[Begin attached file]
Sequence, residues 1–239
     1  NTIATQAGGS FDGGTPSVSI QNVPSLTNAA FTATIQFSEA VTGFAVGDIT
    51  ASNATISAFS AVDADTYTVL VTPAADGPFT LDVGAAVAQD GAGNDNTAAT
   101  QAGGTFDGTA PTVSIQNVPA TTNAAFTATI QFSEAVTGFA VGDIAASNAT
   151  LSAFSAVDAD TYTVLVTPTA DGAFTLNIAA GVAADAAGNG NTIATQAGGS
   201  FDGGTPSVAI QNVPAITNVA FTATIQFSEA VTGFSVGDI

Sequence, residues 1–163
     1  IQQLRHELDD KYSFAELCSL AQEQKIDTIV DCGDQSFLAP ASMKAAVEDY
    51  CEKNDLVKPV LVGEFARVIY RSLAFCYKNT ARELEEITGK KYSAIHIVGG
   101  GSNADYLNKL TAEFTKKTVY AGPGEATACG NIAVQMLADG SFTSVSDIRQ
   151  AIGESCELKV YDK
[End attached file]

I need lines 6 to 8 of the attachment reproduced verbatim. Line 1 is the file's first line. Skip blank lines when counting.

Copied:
   201  FDGGTPSVAI QNVPAITNVA FTATIQFSEA VTGFSVGDI

Sequence, residues 1–163
     1  IQQLRHELDD KYSFAELCSL AQEQKIDTIV DCGDQSFLAP ASMKAAVEDY